Whether you’re a seasoned leasing professional who is just getting into the student housing market or a first-time student property owner, these tips will provide valuable information on how to succeed with little-to-no student housing experience.

1. Research the Local Student Housing Rental Market Before Investing:

This point cannot be stressed enough. Don’t fall victim to assuming a student housing rental market is profitable and booming, solely because there is a significant student population in the city.

The investors should look at a few things before determining whether or not to invest in student housing within a city:

  • The student enrollment and growth of local academic institutions.
  • Whether the local schools are residential (most students live on-campus) or commuter (most students live off-campus).
  • The current stock and availability of on-campus housing.
  • Any on-campus housing requirements or regulations that are in place (first year students must live on-campus).
  • Any local legislation applying to student housing (rental licensing or regulations).
  • Availability of prime real estate and the price.
  • The degree of market competition.

2.  Identify Key Student Preferences Before Investing:

Besides cheaper rent, there are a few key amenities and features that will help a property stand out from the competition. 

  • Most important amenities for students were in-unit washer & dryer, private bathrooms & Wi-Fi Internet included.
  • Only 32% of students are willing to live 5+ miles from campus.
  • 37% of students said that two bedrooms are the ideal number of bedrooms per unit.

 3. Identify Peak Student Housing Advertising Times:

One of the most common questions that our staff receives from landlords is, “When is the best time to advertise my rental property to students?”

While there is no absolute answer to this question, there are specific peak times for student housing advertising.

Generally speaking, most schools have two major start dates – one which begins in late August or early September (fall term) and one which begins in January (winter/spring term). Students may start searching several months in advance for accommodations, depending on the market competitiveness for renters. Landlords are encouraged to do some research on the academic calendars of local campuses, as well as on how competitive the area market is for tenants.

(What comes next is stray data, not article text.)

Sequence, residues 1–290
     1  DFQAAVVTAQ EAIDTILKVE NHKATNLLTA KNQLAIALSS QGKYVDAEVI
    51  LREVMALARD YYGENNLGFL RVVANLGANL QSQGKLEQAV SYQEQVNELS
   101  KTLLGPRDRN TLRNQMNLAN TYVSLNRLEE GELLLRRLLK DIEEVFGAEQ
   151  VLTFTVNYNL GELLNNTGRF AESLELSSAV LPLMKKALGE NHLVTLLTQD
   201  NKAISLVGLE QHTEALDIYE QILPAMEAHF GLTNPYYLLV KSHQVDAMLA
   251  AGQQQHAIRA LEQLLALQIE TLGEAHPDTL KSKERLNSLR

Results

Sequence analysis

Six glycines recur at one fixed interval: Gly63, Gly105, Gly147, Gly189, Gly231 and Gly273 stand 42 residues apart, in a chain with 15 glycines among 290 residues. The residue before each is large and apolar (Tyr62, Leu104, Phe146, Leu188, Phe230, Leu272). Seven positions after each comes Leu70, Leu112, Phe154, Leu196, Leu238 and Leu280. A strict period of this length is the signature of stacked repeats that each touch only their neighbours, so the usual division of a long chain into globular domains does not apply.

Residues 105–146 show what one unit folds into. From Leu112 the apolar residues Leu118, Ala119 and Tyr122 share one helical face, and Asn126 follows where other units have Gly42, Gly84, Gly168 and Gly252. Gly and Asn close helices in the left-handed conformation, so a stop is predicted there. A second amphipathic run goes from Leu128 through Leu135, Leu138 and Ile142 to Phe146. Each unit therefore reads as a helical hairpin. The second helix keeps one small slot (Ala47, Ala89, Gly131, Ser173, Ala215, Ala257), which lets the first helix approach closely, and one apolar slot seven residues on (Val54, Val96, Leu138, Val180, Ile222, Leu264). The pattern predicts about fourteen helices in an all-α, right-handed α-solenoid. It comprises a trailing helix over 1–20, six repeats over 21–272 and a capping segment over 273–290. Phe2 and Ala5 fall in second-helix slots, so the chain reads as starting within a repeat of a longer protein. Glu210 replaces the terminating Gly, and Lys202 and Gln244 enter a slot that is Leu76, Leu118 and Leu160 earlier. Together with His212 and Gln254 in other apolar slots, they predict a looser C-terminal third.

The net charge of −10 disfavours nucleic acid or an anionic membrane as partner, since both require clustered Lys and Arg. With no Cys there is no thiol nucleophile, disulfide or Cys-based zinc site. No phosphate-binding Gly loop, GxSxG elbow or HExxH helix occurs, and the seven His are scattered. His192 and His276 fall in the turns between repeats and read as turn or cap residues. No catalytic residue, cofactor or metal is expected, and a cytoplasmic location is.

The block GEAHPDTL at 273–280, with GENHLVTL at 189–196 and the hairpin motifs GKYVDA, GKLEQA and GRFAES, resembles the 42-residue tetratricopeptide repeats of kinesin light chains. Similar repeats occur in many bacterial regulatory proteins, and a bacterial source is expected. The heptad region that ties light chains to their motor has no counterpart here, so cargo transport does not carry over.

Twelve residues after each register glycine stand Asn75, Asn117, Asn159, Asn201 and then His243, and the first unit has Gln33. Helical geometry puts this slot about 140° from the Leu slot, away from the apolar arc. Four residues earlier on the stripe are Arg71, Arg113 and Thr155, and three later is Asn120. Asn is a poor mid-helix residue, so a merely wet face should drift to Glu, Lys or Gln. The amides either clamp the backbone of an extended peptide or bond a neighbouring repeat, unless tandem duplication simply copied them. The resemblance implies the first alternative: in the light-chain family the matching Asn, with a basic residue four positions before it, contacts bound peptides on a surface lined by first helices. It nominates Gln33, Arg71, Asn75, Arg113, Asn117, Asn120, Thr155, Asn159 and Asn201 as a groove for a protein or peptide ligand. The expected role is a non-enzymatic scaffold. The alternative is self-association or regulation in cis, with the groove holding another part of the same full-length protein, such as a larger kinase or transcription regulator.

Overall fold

4. Focus On the Quality of Leads, Not the Quantity:

The age-old saying quality is better than quantity holds particularly true when it comes to rental marketing and leasing. Overzealous first-time landlords may feel the need to advertise on every single free posting board or website, which will generate a lot of leads, but it will often generate low-quality leads that seldom produce signed lease agreements.

Targeted advertising is a much better alternative, where landlords will often generate higher quality leads and a much better lease closing rate.

5. Appeal to Parents in Student Housing Marketing:

It should come as no surprise that parents are often the financiers and decision makers when it comes to student housing. Consider that a survey of over 3,600 parents with children in college or university found that 56% of these students paid £0 towards their housing expenses.

For this reason, landlords and property managers should pay attention to the interest of parents. We discussed parent’s preferences and concerns before:

  • Security
  • Privacy
  • Location

6. Don’t Go Overboard on Tenant Targeting & Application Requirements:

Finding compatible and responsible tenants is important; but landlords should be careful not to set extremely high tenant qualification and expectations. Landlords are cautioned not to target very small and specific groups of student renters because it can dramatically shrink their tenant pool size.

7. Research & Create an All-Inclusive Lease Agreement:

Don’t just copy and paste a lease agreement off the Internet and assume the job is done!

Standard template lease agreements can be a good starting point for first-time landlords who have never written a lease before, but these documents aren’t going to cover everything. We provide a basic student housing lease agreement template on our website but recommend that landlords do additional research or request legal advice to ensure their lease is in compliance with local housing laws and applicable legislation. 

8. Be Prepared to Handle Common Student Renter Complaints:

Regardless of how outstanding a property or unit may be, there are bound to be occasional complaints or grievances. Landlords can be proactive by familiarizing themselves with some of the common issues with student tenants and how to potentially handle them. We highlighted some of the most common complaints and discussed the best resolution tactics.

9. It’s Expensive to Replace Tenants, So Try to Keep Them Long-term:

Turnover in student housing tends to be high, in comparison to other multifamily rental sectors. It’s not uncommon to have to replace tenants every year in student housing, which can be time-consuming and costly. Landlords should strive to keep tenant satisfaction high and tenant turnover rates low. We previously discussed tenant retention and recommended how to keep student renters for their entire academic career.